The most common malaria parasite is plasmodium falciparum with 90% of all cases, and Anopheles mosquito is the vector of Plasmodium falciparum. Other malaria vectors include Anopheles gambiae and Anopheles funestus. These vectors breed in permanent water, especially near inland marshes , presence of creeks, areas where agricultural actives are undertaken, raised planting beds, salt pans, paddy fields, sand pits, seepage, swamps, mangrove swamps, pits for house construction, roadside rubbles to mention a few. These factors describe some of the characteristics of urban informal settlements in sub-Saharan Africa where many migrants live due to high cost of living in more developed urban areas. Urban informal settlements therefore create a conductive environment for high larval breeding of malaria vectors and increase the risk of malaria infections among migrants and mobile population within urban settings with malaria vectors.
Justification of Assignment
Migrants and mobile populations travelling to, from and within different parts of Southern Africa face various social, climatic, economic as well as political determinants of health. As case fatality due to malaria is high among the general population in Africa, especially pregnant women and children under 5 years of age, in countries of high malaria transmission in southern Africa (WHO, 2012), one would equally expect the case fatality due to malaria to be high among migrants and mobile populations of similar demographics, especially, those from areas of high malaria transmission. Available evidence on the case fatality and morbidity due to malaria among migrants and mobile populations in southern Africa is scarce, neither is there a policy that clearly articulates malaria prophylaxis or regimen for migrants and mobile populations in transit or in destination countries. Migrants and mobile populations as well as their families from a country of high malaria transmission to a country of low malaria transmission could be faced with obstacles in accessing malaria control services and/or essential health care services either in transit or in their countries of destination; whilst migrants from countries of low transmission moving into or through countries of high transmission may face similar challenge. With escalating human mobility; large numbers of people are travelling from malaria endemic to non-endemic areas, and malaria non-endemic areas to malaria endemic area more regularly. Undocumented migrants face many obstacles in accessing essential health care including malaria prevention, screening as well as treatment.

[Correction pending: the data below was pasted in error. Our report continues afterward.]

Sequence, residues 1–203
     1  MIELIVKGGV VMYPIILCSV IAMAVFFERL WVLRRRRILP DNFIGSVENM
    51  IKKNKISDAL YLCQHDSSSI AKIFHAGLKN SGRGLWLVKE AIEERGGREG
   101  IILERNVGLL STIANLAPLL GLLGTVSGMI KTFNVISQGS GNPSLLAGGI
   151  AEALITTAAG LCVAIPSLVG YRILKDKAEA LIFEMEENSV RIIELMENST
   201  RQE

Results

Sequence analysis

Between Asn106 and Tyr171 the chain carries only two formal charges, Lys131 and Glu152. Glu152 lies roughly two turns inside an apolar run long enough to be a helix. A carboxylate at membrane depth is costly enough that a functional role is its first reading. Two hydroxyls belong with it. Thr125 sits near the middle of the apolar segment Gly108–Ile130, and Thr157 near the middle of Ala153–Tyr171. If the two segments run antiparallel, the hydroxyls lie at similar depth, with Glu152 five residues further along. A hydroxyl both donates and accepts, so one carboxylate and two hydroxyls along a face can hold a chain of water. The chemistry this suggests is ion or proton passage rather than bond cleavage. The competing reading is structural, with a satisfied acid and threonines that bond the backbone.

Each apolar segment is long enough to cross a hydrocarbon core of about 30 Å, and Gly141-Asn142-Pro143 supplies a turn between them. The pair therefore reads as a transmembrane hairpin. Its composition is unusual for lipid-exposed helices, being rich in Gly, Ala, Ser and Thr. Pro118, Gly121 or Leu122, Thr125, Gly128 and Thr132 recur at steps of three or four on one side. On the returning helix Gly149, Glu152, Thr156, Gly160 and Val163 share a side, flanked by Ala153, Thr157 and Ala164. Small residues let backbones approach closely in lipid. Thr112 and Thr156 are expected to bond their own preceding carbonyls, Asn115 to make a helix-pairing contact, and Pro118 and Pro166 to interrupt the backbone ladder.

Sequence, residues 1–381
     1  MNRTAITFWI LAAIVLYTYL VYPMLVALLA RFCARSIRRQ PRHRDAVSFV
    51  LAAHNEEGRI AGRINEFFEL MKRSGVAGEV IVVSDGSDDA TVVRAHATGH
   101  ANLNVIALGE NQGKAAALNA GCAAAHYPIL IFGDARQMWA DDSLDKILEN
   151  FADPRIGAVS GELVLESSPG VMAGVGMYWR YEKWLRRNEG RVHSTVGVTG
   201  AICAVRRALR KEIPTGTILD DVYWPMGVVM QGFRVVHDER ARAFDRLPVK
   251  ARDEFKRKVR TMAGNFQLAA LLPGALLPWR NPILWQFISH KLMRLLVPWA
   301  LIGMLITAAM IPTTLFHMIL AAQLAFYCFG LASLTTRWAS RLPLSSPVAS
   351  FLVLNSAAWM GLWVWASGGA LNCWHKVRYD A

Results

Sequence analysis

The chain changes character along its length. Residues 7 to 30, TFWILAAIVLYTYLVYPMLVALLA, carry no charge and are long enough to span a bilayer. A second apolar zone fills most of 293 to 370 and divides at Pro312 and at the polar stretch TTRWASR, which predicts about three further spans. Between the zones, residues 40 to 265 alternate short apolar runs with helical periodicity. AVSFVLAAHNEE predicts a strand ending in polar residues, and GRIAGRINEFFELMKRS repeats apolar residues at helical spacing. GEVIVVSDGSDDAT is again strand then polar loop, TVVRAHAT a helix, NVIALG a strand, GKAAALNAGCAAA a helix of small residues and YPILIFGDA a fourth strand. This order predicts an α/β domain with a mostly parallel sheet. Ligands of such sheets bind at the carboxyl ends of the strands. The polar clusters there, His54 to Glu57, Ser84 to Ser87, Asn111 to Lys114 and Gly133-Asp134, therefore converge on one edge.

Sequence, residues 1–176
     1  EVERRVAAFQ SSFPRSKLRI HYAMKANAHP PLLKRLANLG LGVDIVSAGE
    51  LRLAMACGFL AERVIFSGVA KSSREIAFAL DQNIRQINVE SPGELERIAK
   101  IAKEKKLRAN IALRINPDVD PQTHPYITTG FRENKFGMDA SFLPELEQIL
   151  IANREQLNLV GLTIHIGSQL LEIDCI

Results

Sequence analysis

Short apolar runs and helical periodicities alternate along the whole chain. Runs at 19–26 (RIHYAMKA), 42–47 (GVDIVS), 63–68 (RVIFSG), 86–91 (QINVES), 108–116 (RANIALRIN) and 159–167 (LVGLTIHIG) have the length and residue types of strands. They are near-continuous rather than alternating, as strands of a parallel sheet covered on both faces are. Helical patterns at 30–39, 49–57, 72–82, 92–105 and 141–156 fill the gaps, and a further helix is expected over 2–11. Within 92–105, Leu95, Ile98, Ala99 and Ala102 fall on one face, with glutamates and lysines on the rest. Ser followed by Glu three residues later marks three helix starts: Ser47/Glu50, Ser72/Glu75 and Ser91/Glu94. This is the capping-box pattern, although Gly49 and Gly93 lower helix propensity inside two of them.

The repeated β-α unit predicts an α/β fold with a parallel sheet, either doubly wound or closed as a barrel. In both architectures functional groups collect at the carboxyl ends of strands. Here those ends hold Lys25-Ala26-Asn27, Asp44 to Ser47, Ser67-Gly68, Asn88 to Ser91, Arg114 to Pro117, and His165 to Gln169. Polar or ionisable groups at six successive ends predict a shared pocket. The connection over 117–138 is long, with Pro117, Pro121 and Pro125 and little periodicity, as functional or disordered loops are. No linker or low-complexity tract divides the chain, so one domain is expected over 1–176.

African Ministers of Health declared malaria elimination a priority in 2007. In 2009, SADC Ministers of Health approved the SADC Malaria Strategic Framework and a subsequent Malaria Elimination Framework, which urged member states to identify potential areas for elimination and to develop national malaria elimination strategic plans. In order to implement the framework, SADC supported the development of malaria elimination 8 countries, subsequently called “SADC E8”, a coordinated, multi-country programme that seeks to work in the 8 countries most affected by malaria in the region. This initiative seeks to support the elimination of malaria in four low transmission countries at the fore-front of malaria elimination (Botswana, Namibia, South Africa, and Swaziland); and the other four (second-line) high transmission countries (Angola, Mozambique, Zambia and Zimbabwe). A SADC malaria elimination resolution (SADC 2009) with action points on elimination of malaria in the eight countries was agreed upon. One of the action points agreed upon was the need to strengthen existing cross-border collaboration and establishment of additional initiatives between front-line and second-line countries. IOM believes that this goal cannot be achieved without policies that are cognisant of mobility and migration dynamics, which also support the treatment and prevention of malaria among migrants and mobile populations, especially in high and low transmission SADC countries.